However, the Tsai government not only failed to admit its mistakes, but rather intensified its efforts to provoke a more serious anti-China response and sense of crisis, hoping to boost its electoral prospects. The DPP, in its campaign tactics, wants the people to choose between war and peace; however, the structure of the vox populi shows that what the people in Taiwan want is peace. When choosing between sovereignty and having a full stomach, what society wants is to strive for a good economy.

The crux of the 2020 election lies not in letting the KMT return to power, but in unseating the DPP, which supports Taiwan independence. In next year’s election campaign, the DPP’s strategy is crystal clear, that is, hate China, China-phobia, and counter China, using all opportunities to create cross-strait confrontations, rupturing the social fabric, using ideologies to anesthetize the masses, and covering up abuses of power and incompetence in the past three years; in other words, it is “consider prolonging political power for itself, while caring nothing for the life and death of Taiwan.”

During the three years under the Tsai administration, popular grievances abound, not only leaving cross-strait relations to be mired in a precarious situation, even causing adversities in people’s livelihoods and economic decline. For this reason, in 2020, the DPP must be brought down, creating a new opportunity for Taiwan; this has become the consensus of all people and the greatest objective.

With regard to who will emerge as the KMT’s standard-bearer in the 2020 presidential election, KMT chairman Wu Den-yih has completed individual consultations and communication with all the hopefuls, i.e., Foxconn chairman Terry Guo, Eric Chu, Wang Jin-pyng, and Kaohsiung City Mayor Han Kuo-yu, who was invited to enter the primary, laying an open and fair foundation for the primary within the KMT. In the future, who will emerge as the winner remains to be seen; however, as the overall situation has developed up to now, some trends have emerged and they should be examined carefully.

Although it makes the KMT’s electoral prospects in next year’s presidential election look better, in reality, having Han and Guo as two strong batters may be problematic. As things stand now, no matter which approach the KMT adopts, the eventual winner will probably be either Han or Guo. Many people have pinned their hopes on Han and Guo, who are stronger than traditional Blue camp politicians.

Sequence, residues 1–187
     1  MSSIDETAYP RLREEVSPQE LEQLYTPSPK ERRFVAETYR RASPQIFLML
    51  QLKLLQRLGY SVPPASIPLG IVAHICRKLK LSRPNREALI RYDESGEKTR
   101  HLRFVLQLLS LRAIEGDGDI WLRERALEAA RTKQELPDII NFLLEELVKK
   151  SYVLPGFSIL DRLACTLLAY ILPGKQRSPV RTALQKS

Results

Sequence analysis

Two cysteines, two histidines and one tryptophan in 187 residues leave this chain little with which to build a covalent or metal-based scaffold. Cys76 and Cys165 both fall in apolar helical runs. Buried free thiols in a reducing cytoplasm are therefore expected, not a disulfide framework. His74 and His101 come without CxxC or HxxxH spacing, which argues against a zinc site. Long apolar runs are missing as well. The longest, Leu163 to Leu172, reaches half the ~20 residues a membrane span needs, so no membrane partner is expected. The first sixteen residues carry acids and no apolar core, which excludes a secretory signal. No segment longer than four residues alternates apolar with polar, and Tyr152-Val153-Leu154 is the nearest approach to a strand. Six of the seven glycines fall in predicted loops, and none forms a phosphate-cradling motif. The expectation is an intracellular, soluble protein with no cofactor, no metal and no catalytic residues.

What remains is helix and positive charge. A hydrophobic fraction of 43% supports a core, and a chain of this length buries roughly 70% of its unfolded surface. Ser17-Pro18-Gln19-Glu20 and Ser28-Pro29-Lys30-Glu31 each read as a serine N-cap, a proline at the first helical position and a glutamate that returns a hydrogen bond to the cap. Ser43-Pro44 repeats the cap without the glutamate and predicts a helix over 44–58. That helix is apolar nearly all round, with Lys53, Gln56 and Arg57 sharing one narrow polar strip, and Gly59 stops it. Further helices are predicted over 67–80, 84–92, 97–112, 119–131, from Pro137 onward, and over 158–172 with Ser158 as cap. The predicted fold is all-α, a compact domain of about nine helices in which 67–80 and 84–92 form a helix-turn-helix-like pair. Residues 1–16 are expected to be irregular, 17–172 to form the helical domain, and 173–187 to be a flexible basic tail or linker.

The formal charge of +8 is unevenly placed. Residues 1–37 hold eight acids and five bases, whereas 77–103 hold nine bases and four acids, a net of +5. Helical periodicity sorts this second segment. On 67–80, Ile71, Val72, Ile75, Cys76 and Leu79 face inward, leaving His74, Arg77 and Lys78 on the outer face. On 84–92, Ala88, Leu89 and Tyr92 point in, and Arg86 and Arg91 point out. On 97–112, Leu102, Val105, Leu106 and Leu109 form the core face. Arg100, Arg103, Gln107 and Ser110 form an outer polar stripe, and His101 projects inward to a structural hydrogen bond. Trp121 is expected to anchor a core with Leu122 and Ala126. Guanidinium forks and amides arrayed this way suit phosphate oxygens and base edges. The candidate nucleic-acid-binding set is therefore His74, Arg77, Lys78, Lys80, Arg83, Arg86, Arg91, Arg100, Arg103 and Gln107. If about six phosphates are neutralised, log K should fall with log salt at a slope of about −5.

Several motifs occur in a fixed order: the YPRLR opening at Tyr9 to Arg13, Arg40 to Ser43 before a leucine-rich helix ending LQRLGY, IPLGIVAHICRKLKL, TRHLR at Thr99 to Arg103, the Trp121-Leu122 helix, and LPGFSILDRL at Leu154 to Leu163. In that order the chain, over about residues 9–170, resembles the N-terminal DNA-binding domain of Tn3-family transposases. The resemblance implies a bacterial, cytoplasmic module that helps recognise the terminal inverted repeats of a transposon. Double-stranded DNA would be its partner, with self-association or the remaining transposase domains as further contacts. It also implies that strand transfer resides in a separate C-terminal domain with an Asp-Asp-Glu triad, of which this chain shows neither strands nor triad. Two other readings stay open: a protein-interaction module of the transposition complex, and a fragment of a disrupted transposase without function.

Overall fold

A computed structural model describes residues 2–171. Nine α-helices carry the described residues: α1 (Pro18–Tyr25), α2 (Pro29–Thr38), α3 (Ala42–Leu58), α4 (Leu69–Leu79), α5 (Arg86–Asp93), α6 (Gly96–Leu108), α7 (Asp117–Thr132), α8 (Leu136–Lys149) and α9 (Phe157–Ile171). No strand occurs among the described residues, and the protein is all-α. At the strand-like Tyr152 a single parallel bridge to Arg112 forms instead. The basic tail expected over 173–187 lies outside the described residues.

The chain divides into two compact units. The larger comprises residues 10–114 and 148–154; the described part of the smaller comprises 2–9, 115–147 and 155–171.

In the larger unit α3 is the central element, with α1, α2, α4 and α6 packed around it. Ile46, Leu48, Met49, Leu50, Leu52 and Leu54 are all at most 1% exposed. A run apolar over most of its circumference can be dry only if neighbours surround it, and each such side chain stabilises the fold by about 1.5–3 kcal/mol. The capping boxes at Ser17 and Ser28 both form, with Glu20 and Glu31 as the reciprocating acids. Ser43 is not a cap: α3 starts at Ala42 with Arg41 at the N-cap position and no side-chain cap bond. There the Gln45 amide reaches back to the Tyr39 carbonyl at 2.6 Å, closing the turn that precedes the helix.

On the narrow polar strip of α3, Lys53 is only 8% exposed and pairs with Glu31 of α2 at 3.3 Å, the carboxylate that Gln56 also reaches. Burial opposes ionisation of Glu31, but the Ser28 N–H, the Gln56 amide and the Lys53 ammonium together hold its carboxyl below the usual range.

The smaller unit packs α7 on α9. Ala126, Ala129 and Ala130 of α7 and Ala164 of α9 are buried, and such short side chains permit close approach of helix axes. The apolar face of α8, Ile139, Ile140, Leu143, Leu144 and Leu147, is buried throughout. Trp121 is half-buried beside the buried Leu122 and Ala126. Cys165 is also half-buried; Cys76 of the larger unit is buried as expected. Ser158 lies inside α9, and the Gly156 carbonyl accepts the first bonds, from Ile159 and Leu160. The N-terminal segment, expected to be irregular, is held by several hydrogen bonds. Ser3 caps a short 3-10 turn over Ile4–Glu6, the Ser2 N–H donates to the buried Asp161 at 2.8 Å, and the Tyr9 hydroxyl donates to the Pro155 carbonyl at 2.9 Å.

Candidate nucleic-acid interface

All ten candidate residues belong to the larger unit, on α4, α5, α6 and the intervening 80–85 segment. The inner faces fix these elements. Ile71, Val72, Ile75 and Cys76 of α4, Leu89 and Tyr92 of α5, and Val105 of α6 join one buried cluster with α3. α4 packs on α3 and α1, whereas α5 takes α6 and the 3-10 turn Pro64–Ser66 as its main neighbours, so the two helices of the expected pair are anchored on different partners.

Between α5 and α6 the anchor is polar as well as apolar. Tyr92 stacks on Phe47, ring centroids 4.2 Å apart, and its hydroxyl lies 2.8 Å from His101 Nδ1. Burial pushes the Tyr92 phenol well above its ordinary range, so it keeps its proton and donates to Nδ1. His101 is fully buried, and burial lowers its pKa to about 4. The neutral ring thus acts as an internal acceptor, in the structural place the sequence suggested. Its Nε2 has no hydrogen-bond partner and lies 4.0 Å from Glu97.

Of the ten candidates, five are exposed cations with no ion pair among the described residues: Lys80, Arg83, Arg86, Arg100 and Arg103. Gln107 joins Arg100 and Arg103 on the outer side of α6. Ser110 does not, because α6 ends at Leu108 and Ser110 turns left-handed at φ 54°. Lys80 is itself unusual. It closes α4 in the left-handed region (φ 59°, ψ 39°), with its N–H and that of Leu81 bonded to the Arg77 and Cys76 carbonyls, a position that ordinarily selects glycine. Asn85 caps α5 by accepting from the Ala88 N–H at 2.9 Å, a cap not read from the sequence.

Han won the grassroots support of the Blue camp; he has opened a window of opportunity for cross-strait relations, which is now in the doldrums, using his strength to push for mutual trust. However, whether the new building block he has created can be the next president’s foundation for a new situation depends on whether the people are willing to work toward building goodwill across the Taiwan Strait. According to opinion polls, Guo’s support among the younger generation is higher than Han’s; it is presumed that principally people believe that he has the capacity to lead Taiwan out of the bottleneck of development.

After its disastrous defeat in 2016, the KMT was on its last legs, but now, surprisingly, it could regain power; this kind of opportunity must be cherished. Two trump cards, Han and Gou, have appeared in the pan-Blue camp; if the duo can, in an impartial and transparent system, exhibit their respective strong suits and characteristics, showing their countrymen a rational and new look in the competition with substantive content, it will inevitably increase the positive momentum and elevate the image of the pan-Blue camp. From the competition between Han and Guo to the competition between the Blue and White, neither should forget the great goal of bringing down the DPP and reconstructing cross-strait relations.

Kent Wang is a research fellow at the Institute for Taiwan-America Studies (ITAS), a conservative Washington-based think-tank focusing on aspects of US-Taiwan relations, and is broadly interested in the United States-Taiwan-China trilateral equation, as well as in East Asian security architecture.